• Conversant in using the Internet, WWW, libraries, and other Web-based information portals (e.g., for searches, navigation, bookmarks, and basic terminology
  • Excellent use of netiquette and the ability to compose clear, unambiguous statements

Question #3: What questions should I ask of my institution?

Course Support:

  • Is there support for purchasing the needed computer and Internet access capabilities for home computers?
  • Is there back-up for all online course files and software (and a low outage rate for access) for all needed online university systems?
  • Are there institutional instructional designers to assist the instructors in creating the online courses?
  • Is there a “Master Course” template, or does each instructor start the course design and structure from ground zero? How much of the master course template must each instructor use (as dictated by the institution/department)?
  • Are students screened for the ability to succeed in online course rooms before registering? Is there an online introductory course room tutorial for students?
  • Is there a TA for the course?
  • Is there adequate IT support for instructors and students?
  • What types of student policies set by the instructor will the administration support (e.g., failure due to two weeks of course absence per term, failure to fully participate, late postings getting credit, make-up work or do-overs, plagiarism)?
  • What will the maximum course size be? (An ideal course size is 13 to 15 students. Twenty students is the maximum effective class size for learning and teaching based on research and experience.)
  • Is there a land-based testing center available for local students if needed? Are there alternative test-taking proctoring options at public libraries or other institutions for nonlocal students?
  • Does the university offer an online reference library and a 24/7 technical help line?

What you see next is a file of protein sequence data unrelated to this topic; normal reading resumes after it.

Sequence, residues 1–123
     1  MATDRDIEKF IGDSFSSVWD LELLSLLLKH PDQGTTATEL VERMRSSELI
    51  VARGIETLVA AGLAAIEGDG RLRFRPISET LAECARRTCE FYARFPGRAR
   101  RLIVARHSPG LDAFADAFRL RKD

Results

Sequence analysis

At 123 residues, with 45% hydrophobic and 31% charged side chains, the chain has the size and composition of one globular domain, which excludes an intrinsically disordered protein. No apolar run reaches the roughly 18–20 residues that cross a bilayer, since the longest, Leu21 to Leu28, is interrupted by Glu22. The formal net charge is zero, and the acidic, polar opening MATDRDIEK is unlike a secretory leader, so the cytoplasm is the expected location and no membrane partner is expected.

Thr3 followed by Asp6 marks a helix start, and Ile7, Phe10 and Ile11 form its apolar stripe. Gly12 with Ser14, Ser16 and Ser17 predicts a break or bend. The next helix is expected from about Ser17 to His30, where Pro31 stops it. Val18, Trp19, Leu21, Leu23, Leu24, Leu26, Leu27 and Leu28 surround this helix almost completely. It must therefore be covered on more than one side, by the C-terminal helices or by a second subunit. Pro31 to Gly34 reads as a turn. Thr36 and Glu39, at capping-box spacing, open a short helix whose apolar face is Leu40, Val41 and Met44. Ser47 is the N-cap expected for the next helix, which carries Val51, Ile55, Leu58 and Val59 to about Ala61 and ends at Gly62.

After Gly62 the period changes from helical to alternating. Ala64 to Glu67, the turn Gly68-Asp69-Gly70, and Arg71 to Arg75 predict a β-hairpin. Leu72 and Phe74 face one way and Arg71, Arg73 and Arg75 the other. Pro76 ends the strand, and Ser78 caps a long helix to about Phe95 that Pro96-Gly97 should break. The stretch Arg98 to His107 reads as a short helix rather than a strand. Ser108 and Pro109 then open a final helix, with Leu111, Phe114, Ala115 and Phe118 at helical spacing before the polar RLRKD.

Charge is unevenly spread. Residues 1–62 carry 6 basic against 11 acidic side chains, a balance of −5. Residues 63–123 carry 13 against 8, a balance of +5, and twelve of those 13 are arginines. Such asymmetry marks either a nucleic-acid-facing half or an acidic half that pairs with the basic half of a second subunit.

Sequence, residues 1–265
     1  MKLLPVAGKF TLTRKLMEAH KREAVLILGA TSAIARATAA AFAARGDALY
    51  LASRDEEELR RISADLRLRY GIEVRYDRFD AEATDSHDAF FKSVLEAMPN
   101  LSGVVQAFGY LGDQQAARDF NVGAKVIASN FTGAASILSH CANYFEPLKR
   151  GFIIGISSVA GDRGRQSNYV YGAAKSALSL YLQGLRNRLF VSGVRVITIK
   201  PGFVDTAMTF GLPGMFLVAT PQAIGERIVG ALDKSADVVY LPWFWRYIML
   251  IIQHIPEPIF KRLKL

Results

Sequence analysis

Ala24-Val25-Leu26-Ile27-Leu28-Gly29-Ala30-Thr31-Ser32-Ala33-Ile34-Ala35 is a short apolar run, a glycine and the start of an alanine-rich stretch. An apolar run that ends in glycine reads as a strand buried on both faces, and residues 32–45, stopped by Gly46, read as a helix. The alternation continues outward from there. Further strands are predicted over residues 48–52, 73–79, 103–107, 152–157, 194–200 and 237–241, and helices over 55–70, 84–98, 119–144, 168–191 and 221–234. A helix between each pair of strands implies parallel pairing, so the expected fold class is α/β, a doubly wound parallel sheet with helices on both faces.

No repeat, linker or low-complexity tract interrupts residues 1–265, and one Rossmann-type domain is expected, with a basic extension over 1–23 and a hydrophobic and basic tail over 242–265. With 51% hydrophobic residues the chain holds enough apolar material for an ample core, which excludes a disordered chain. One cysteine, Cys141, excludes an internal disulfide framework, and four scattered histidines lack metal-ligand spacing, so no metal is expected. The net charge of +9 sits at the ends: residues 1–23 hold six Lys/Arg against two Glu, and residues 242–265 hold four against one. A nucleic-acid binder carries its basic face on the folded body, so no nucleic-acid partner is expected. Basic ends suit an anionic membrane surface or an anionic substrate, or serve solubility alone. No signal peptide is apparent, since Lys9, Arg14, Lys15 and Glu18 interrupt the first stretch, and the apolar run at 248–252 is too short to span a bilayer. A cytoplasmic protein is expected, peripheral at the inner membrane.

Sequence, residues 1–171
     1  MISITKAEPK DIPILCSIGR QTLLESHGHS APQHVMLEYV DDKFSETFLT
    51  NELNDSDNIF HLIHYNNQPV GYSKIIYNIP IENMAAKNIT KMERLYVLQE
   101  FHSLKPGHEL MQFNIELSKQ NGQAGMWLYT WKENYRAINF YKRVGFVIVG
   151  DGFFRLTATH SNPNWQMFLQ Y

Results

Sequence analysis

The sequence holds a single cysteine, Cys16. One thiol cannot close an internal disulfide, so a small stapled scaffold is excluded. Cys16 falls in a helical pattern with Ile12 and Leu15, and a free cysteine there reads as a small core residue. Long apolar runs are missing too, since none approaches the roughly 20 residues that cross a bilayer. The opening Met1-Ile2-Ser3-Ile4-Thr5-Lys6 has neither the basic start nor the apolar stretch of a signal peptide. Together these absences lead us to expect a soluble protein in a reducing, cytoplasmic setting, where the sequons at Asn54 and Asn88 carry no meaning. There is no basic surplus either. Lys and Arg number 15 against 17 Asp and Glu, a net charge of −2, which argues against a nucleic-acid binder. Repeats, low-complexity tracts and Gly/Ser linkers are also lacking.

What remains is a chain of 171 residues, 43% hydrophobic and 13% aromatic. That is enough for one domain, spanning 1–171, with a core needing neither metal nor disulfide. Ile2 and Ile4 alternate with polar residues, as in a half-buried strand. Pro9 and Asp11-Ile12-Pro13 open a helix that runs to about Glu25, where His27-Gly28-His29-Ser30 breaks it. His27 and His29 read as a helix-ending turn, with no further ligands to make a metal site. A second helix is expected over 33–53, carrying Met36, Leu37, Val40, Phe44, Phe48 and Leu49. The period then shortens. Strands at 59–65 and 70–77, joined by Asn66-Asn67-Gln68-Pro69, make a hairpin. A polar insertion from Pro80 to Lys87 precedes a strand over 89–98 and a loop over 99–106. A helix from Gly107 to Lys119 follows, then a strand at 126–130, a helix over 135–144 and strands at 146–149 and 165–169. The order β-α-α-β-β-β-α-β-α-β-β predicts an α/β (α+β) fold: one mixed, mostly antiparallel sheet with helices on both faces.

• Does the university offer an online writing tutoring/consulting service for students, such as Smart Thinking?
  • Is there a university license with a Web-based plagiarism detection service such as or Is there an institution-wide policy regarding student plagiarism?


  • Who owns the course design, content, and supporting documents: the faculty or the institution?
  • Is the faculty member compensated for course development time?
  • Does each instructor sign an intellectual property agreement form assigning any course content design and materials to the institution?
  • Is an instructor permitted to teach the same course at another institution?

Instructor Evaluation:

  • What are the baseline course room performance expectations for the faculty (e.g., number of postings per week, number of days per week of activity in the course room, timeliness of response to e-mails and for grading)?
  • How will the instructor’s performance be monitored and evaluated?
  • Who (from an administration perspective) has access to the course room?


  • Is there compensation to the instructor for developing the course content and supporting materials?
  • Is there compensation for teaching the course (flat fee) or a sliding scale by student (capitation)?
  • Will the teaching compensation go up as the number of sections the instructor has taught increases and the student evaluation scores increase or reach an established threshold?


  • Is training available for the faculty member on a) the pedagogical theories and principles necessary to create strong online courses, b) conversion of courses from one platform to another, and c) use of the course room software?
  • Is course development and instruction training available online (so that the instructor may experience online learning from a student perspective)?


  • On which course platform software will the course be delivered?
  • Will the institution mandate the course platform, or can the instructor select from several vendors?
  • Has the institution set, and monitored, response-time expectations? One- to two-second responses are normal.
  • Can instructors view the course room content and interactions from both the instructor and student points of view?

In summary, an instructor should have solid information about the expectations of the institution and department before agreeing to develop and teach an online course. Knowing what to expect and what is needed to do the best possible job of teaching are the most critical tools the instructor can have. With sufficient support from the institution and academic departments, teaching online is rewarding and enjoyable. It is one of the few teaching modalities in which every student participates actively and is always awake in class!

Contact Carol Bormann Young at, Nancy Johnson at and Ken Hess at